Time to rewrite the rules on ethics

In the wake of the Rana Plaza factory disaster in Bangladesh and horse DNA being found in processed meat products, Adam Hill explores how retailers should respond when a supplier is found to have behaved unethically.

In April, the Rana Plaza garment factory building in the Savar district of Dhaka in Bangladesh collapsed, killing 1,127 people.

Clothes were made there for a variety of brands familiar to shoppers in the UK’s high streets, while distressing images – bodies trapped in concrete and mangled metal, children holding up photographs of missing parents and unidentified corpses being buried in a mass pit – were prominent in the media.

Primark was the first retailer to say it had supplier operations at the site, and the announcement that it was giving short-term financial aid to those affected was well reported. ‘Primark is doing the right thing,’ insists Peter McAllister, director of the Ethical Trading Initiative, of which Primark is a member.

Media statements reiterated that Primark was the first company to come clean and offer support and confirm a commitment to long-term aid. ‘We encourage the other brands that sourced from Rana Plaza to follow suit,’ says McAllister.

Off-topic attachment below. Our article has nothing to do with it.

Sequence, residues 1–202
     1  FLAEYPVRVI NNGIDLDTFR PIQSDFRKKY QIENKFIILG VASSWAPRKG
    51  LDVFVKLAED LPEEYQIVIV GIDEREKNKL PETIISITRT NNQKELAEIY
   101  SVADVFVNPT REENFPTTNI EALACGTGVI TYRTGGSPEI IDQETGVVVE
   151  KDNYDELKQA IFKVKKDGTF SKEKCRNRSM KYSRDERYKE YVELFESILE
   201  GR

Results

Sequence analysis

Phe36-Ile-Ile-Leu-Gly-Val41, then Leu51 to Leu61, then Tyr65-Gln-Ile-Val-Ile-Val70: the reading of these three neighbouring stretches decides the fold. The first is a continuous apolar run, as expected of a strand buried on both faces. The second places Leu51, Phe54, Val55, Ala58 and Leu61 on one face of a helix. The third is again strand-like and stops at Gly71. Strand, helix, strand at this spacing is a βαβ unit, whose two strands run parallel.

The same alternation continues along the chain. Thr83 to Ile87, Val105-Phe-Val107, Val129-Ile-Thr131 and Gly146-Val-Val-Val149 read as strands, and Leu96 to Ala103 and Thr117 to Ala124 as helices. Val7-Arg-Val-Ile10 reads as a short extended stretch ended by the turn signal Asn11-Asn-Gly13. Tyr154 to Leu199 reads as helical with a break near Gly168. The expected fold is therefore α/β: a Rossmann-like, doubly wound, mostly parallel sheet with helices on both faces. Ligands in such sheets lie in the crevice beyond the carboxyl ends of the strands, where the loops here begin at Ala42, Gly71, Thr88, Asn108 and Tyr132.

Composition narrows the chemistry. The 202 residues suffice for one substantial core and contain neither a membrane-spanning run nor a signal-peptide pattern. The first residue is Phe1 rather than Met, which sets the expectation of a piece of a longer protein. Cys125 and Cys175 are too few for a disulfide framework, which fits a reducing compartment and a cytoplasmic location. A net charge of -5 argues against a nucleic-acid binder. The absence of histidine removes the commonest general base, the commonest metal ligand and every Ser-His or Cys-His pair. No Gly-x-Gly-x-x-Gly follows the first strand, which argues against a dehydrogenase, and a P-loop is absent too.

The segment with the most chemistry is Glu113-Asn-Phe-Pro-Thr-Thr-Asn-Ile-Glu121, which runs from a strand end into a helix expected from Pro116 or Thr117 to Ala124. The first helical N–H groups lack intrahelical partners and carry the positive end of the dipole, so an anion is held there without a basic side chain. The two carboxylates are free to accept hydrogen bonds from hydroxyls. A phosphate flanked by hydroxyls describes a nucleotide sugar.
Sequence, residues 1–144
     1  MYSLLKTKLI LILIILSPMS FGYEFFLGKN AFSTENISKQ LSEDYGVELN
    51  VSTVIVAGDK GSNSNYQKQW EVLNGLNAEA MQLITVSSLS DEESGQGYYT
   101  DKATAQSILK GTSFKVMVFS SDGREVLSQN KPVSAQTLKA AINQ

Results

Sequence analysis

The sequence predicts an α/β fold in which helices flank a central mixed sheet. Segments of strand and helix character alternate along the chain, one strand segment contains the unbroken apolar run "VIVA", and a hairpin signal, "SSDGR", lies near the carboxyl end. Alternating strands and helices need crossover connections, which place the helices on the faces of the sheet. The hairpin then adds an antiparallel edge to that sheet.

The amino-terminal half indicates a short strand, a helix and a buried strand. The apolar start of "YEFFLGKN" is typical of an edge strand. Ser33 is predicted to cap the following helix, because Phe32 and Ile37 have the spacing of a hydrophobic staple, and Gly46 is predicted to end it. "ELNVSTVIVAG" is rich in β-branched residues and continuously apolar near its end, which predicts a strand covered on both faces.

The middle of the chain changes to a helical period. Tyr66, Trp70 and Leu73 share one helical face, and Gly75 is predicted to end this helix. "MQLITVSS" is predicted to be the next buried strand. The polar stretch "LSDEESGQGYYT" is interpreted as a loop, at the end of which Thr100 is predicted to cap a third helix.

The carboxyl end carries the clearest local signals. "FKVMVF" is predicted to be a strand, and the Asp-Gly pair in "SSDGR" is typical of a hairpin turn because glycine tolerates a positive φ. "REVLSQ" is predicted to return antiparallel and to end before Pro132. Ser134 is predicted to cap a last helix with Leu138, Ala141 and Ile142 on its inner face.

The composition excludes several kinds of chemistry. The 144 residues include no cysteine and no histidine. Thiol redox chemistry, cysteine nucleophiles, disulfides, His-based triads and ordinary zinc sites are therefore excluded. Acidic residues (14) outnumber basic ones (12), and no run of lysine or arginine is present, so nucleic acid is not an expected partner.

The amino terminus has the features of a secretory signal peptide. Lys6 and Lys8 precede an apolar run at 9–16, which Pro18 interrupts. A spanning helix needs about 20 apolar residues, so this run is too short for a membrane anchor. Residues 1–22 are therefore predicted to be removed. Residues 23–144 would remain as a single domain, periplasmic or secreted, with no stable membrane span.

In the weeks that followed, US congressman George Miller was particularly critical, telling retailers they had designed the global manufacturing system with its reliance on cheap
labour in poor countries.

‘You have to make a decision now on whether you want to have blood on your labels,’ he says. Yet shoppers in the West want value for money, price points are highly sensitive and fast fashion – with work outsourced by largely Western manufacturers to Asian countries with short lead times – means they can buy cheap clothes regularly.

Although campaigners such as War on Want planned protests outside retailers including Mango and Ben­etton, there is no sign that customers have voted with their feet. Instead, from the rubble of Rana Plaza, retailers including Primark (first again, it claims), H&M, Marks & Spencer, Zara’s parent Inditex and Tesco signed an agreement brokered by global workers’ rights campaigner IndustriALL to help finance fire safety improvements in Bangladesh factories. However, Gap and Walmart, the owner of Asda, which sells the George-branded range, drew the ire of critics for declining to do so (see box).

One of the fullest responses in PR terms to the Rana Plaza tragedy came from H&M. What makes it particularly interesting was that H&M did not have textiles manufactured in the building: in other words, the collapse was nothing to do with the firm. ‘However, this is one of our most prioritised questions right now and we are working at full speed to reach the best solution together with other stake-holders,’ said H&M in a statement.

After expressing sympathies for the victims, the firm went on to outline in some detail its own part in putting together the fire and safety building agreement. It also detailed the safety checks it insists are carried out at its operations in Bangladesh as a matter of course.